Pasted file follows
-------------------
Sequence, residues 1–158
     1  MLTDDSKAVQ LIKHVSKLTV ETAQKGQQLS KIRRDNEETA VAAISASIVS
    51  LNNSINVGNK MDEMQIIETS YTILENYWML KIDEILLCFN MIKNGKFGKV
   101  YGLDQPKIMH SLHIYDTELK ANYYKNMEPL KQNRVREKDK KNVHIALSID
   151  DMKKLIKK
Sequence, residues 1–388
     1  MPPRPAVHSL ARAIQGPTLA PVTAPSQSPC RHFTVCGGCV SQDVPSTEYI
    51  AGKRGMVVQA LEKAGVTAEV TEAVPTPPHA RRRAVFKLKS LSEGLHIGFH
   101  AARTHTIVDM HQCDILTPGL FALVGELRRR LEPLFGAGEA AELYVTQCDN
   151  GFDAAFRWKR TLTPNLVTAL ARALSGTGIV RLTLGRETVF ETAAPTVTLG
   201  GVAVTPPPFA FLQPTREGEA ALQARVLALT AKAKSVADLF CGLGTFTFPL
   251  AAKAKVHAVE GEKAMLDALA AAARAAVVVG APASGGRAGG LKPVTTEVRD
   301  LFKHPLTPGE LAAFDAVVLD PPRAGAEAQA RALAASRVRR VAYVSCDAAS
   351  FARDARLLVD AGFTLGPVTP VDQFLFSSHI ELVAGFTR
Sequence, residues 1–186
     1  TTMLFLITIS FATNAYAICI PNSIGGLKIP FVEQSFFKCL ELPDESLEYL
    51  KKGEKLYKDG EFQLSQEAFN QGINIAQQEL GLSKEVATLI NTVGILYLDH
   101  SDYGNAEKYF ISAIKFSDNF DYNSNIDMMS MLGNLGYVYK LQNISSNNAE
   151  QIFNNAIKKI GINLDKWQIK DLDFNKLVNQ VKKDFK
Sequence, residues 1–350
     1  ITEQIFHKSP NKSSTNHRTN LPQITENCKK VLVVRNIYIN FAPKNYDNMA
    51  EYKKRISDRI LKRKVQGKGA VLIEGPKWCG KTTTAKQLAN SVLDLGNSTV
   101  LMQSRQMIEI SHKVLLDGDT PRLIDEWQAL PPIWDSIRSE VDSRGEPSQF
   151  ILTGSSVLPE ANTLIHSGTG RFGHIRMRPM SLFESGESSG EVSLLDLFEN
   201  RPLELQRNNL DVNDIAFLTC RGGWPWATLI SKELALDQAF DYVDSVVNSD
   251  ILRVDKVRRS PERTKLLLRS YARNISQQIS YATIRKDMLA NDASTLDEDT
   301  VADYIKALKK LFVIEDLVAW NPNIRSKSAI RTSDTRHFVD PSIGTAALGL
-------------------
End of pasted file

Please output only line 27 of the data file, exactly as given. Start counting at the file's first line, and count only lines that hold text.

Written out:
   301  VADYIKALKK LFVIEDLVAW NPNIRSKSAI RTSDTRHFVD PSIGTAALGL